I am writing today to help inform people who are new to the stock market and want to learn about Return on Equity using a real-life example.
With an ROE of 9.99%, Fidelity Southern Corporation (NASDAQ:LION) returned in-line to its own industry which delivered 8.45% over the past year. But what is more interesting is whether LION can sustain this level of return. Sustainability can be gauged by a company’s financial leverage – the more debt it has, the higher ROE is pumped up in the short term, at the expense of long term interest payment burden. Let me show you what I mean by this.
Breaking down ROE — the mother of all ratios
Firstly, Return on Equity, or ROE, is simply the percentage of last years’ earning against the book value of shareholders’ equity. For example, if the company invests $1 in the form of equity, it will generate $0.10 in earnings from this. If investors diversify their portfolio by industry, they may want to maximise their return in the Regional Banks sector by investing in the highest returning stock. However, this can be misleading as each firm has different costs of equity and debt levels i.e. the more debt Fidelity Southern has, the higher ROE is pumped up in the short term, at the expense of long term interest payment burden.
Return on Equity = Net Profit ÷ Shareholders Equity
Returns are usually compared to costs to measure the efficiency of capital. Fidelity Southern’s cost of equity is 9.79%. Since Fidelity Southern’s return covers its cost in excess of 0.20%, its use of equity capital is efficient and likely to be sustainable. Simply put, Fidelity Southern pays less for its capital than what it generates in return. ROE can be split up into three useful ratios: net profit margin, asset turnover, and financial leverage. This is called the Dupont Formula:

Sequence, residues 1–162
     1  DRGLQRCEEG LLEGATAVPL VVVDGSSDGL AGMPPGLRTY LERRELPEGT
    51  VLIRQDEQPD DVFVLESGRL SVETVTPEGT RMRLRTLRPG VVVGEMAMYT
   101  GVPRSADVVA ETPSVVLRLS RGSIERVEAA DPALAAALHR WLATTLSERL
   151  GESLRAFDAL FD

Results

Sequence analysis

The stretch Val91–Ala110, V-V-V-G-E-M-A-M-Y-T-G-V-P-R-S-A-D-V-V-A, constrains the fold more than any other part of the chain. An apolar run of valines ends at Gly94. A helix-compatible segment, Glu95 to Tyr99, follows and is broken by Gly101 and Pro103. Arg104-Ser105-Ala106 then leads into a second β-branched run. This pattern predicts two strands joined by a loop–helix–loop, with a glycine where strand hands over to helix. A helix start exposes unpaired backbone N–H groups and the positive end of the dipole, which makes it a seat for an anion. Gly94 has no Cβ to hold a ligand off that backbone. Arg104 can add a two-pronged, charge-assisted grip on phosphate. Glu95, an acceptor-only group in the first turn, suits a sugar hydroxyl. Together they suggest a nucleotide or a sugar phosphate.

ROE = profit margin × asset turnover × financial leverage
ROE = (annual net profit ÷ sales) × (sales ÷ assets) × (assets ÷ shareholders’ equity)
ROE = annual net profit ÷ shareholders’ equity
Essentially, profit margin shows how much money the company makes after paying for all its expenses. The other component, asset turnover, illustrates how much revenue Fidelity Southern can make from its asset base. Finally, financial leverage will be our main focus today. It shows how much of assets are funded by equity and can show how sustainable the company’s capital structure is. ROE can be inflated by disproportionately high levels of debt. This is also unsustainable due to the high interest cost that the company will also incur. Thus, we should look at Fidelity Southern’s debt-to-equity ratio to examine sustainability of its returns. The ratio currently stands at a balanced 112.01%, meaning Fidelity Southern has not taken on excessively disproportionate debt to drive its returns. The company is able to produce profit growth without a substantial debt burden.
ROE is a simple yet informative ratio, illustrating the various components that each measure the quality of the overall stock. Fidelity Southern exhibits a strong ROE against its peers, as well as sufficient returns to cover its cost of equity. ROE is not likely to be inflated by excessive debt funding, giving shareholders more conviction in the sustainability of high returns. ROE is a helpful signal, but it is definitely not sufficient on its own to make an investment decision.
For Fidelity Southern, I’ve compiled three relevant factors you should further examine:
- Financial Health: Does it have a healthy balance sheet? Take a look at our free balance sheet analysis with six simple checks on key factors like leverage and risk.
- Management:Have insiders been ramping up their shares to take advantage of the market’s sentiment for Fidelity Southern’s future outlook? Check out our management and board analysis with insights on CEO compensation and governance factors.
- Other High-Growth Alternatives : Are there other high-growth stocks you could be holding instead of Fidelity Southern? Explore our interactive list of stocks with large growth potential to get an idea of what else is out there you may be missing!